MANILA, April 30, 2013— Alarmed over the lack of security features of the automated elections, a Catholic bishop has suggested a manual count of all votes cast for senator, congressman, governor and other local positions.
Manila Auxiliary Bishop Broderick Pabillo said that conducting a manual count is the only way that the result of the May 13 polls can be validated “beyond the shadow of any doubt.”
“To restore the credibility of our electoral procedure with all the above limitations and shortcomings, we call for a parallel manual count to be done in all precincts,” Pabillo said.
Joined by around a dozen poll watchdog groups, the bishop challenged the Commission on Elections (Comelec) to institute a manual count “if it has nothing to hide”.
“This manual count will check whether what have been transmitted is the same result as those found in the precincts,” Pabillo said.
Doing so, according to him, will prove to all the automated system using the Precinct Count Optical Machines (PCOS) and its present software are reliable.
“Let not the Comelec say that there is no time for this, or that logistics have not been prepared. The PCOS results should be validated by a parallel manual count in all precincts,” Pabillo said.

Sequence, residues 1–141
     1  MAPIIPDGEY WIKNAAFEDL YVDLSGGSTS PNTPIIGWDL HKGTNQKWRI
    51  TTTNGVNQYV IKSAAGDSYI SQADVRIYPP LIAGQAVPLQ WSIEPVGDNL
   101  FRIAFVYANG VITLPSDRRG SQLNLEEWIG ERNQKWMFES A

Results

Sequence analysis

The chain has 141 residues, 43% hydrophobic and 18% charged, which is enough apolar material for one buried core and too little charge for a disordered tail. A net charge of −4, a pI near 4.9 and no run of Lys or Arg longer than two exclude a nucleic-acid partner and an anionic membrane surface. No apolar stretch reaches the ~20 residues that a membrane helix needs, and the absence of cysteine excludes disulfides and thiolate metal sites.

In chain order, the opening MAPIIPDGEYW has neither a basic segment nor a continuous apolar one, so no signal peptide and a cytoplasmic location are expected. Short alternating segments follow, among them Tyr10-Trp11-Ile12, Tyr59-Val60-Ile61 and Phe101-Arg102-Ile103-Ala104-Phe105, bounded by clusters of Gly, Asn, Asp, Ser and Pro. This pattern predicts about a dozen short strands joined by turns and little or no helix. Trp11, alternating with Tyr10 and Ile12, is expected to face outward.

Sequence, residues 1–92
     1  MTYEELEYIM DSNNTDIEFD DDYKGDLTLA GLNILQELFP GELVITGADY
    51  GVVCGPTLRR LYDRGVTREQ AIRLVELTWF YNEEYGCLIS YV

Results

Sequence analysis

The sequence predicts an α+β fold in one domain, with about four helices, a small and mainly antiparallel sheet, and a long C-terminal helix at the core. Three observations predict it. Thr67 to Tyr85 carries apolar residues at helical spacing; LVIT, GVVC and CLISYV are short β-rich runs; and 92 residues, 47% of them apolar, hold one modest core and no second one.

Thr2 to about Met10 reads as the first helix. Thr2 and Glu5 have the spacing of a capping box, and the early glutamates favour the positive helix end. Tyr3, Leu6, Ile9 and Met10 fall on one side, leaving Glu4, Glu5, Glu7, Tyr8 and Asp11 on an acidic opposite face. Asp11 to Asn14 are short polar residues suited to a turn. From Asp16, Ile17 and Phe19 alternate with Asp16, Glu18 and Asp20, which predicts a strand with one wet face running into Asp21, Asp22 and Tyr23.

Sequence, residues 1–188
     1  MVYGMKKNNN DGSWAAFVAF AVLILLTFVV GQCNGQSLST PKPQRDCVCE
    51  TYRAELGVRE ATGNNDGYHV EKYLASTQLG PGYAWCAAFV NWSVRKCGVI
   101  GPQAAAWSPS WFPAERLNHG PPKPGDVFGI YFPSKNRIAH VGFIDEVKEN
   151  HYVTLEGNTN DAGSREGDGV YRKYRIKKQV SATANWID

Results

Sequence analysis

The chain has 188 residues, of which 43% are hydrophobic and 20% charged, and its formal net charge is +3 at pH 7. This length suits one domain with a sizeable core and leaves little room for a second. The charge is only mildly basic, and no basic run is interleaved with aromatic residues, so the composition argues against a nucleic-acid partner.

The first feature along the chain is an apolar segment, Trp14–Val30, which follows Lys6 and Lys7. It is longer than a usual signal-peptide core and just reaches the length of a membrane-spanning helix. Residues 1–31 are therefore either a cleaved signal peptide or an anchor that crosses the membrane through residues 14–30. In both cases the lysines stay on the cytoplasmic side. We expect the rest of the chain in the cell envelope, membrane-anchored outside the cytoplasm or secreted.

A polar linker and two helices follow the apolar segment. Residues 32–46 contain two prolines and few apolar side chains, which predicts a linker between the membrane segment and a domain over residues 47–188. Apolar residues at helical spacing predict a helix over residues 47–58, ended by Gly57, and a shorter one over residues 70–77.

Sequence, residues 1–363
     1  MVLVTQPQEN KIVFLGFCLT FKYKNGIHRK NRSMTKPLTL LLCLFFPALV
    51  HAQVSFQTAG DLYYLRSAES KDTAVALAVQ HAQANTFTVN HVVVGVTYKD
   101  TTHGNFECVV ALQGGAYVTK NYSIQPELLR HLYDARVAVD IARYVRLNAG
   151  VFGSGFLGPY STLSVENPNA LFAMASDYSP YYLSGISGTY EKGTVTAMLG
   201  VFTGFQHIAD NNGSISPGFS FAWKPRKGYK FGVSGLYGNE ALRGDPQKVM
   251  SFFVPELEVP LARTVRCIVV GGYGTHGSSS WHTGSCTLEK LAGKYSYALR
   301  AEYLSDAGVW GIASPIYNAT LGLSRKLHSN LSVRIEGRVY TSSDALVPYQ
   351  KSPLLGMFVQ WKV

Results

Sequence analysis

“The stakes are too great for Comelec not to do all in its power to prove the reliability and trustworthiness of the present automated system,” he added.
Pabillo chairs the National Secretariat for Social Action, Justice and Peace (Nassa) of the Catholic Bishops’ Conference of the Philippines (CBCP).
RMA is ‘enough’
The poll body, however, was quick to reject the bishop’s call that would require teachers and election inspectors at the precinct level to manually count all votes.
Comelec spokesman James Jimenez said the random manual audit (RMA), the only legally sanctioned mechanism for validating PCOS count, is enough to determine the accuracy of the voting machines.
“We think what will be done in the Random Manual Audit is enough for that purpose. RMA is effective anyway. We don’t need the 100 percent parallel count. It will just cause confusion,” Jimenez said.
Pabillo said the credibility of the automated polls has suffered because the Comelec removed many of the safeguards that were initially set in place: digital signature, ultra violet scanner, voter verification and source code review.
“If the Comelec continues with the elections in this situation, it would violate the automated election law…,” he said.
The bishop also said they did not wish to taint the elections, but they wanted to help prove its ability to deliver credible elections by having the manual count.
“We have been doing that all these years and it will not take much time of counting. That would somehow give us assurance that the tally is right,” Pabillo said. (Roy Lagarde)